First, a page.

When the underlying economy is booming, population is growing, inventory is limited and the location is a desirable coastal metro, as in Seattle, measures to make housing more affordable stir a lot of debate.
Skyrocketing housing prices aren’t always synonymous with a bubble. This is especially true when the underlying economy is booming, population is growing, inventory is limited and the location is a desirable coastal metro, as in Seattle.
According to the Demographia International Housing Affordability Survey for 2016, Seattle ranked among the major markets with “severe unaffordability” for middle-income people.
The urban-development consulting organization creates a “median multiple” to measure affordability. For example, the most affordable major metros in the United States stood at 3.7 last year. In other words, the cost of the median house was 3.7 times the median income.
By contrast, Seattle was 5.2 and Portland 5.1. This was better than San Jose at 9.7, San Francisco at 9.4 and San Diego at 8.1. That helps explain why Seattle is appealingly affordable for high-paid tech workers. The situation is much less optimistic for those with lower incomes.
Most Read Business Stories
- New owner of Seattle home beer-brewing startup PicoBrew plans to cut jobs, auction equipment, sell off other assets
- Seattle-area home price growth was second to only one other U.S. city early in pandemic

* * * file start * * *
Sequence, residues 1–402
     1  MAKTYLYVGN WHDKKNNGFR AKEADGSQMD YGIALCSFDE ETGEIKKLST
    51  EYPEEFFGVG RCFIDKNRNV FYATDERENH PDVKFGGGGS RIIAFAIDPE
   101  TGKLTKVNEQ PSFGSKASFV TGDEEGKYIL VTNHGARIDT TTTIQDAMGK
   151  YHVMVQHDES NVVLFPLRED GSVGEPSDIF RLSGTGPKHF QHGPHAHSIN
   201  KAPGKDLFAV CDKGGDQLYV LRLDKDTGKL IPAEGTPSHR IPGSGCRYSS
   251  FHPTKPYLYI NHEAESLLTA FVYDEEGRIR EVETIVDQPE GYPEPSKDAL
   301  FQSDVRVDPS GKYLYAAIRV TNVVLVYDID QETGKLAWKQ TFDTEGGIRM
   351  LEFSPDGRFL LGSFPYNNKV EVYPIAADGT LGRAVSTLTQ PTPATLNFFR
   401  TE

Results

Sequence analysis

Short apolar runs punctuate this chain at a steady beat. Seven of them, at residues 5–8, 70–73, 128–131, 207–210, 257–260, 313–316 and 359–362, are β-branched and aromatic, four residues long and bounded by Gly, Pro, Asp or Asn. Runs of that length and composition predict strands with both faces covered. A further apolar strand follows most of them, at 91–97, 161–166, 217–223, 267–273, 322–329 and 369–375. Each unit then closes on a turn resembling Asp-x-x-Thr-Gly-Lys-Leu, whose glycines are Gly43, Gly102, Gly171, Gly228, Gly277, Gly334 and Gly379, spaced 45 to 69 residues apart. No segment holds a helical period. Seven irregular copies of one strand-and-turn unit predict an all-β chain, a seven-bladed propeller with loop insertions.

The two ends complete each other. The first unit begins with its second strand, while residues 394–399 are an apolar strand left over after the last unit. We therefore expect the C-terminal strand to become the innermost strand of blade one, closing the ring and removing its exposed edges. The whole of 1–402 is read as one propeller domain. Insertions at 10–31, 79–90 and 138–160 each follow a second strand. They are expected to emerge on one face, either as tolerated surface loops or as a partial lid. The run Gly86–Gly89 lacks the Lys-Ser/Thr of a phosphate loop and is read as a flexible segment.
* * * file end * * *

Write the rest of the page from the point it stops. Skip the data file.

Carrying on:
- 'Hundreds of millions of dollars' lost in Washington to unemployment fraud amid coronavirus joblessness surge
- Scared Americans, desperate to travel, are buying up ‘COVID campers’
- Boeing factory workers cope with the coronavirus threat as layoffs loom
The situation is no better for renters. Seattle ranked as the nation’s 10th most expensive city, according to Apartment List. Seattle-based Zillow says median rent in the metro area was $2,007 a month in May, up 9.1 percent from the same month last year.
Some deeper national trends are at work, too. Middle-wage jobs have been declining. Wages have been stagnant or even falling for millions. This is especially pronounced for lower-paid workers. Harvard’s Joint Center for Housing studies estimates that 11 million people paid half or more of their income for rent in 2014, and 21.3 million spent 30 percent or more — both record highs.
But what can be done? Here are some potential responses:
• HALA. The city of Seattle’s Housing Affordability and Livability Agenda is a multifront effort, including, perhaps, greater densities outside existing dense districts.
Its centerpiece is the “grand bargain” where developers of all new commercial projects would pay a fee to help with affordable housing. With new multifamily projects, developers would either set aside a percentage of units (depending on the location) for lower-income renters, or pay a fee to help with lower-income housing elsewhere.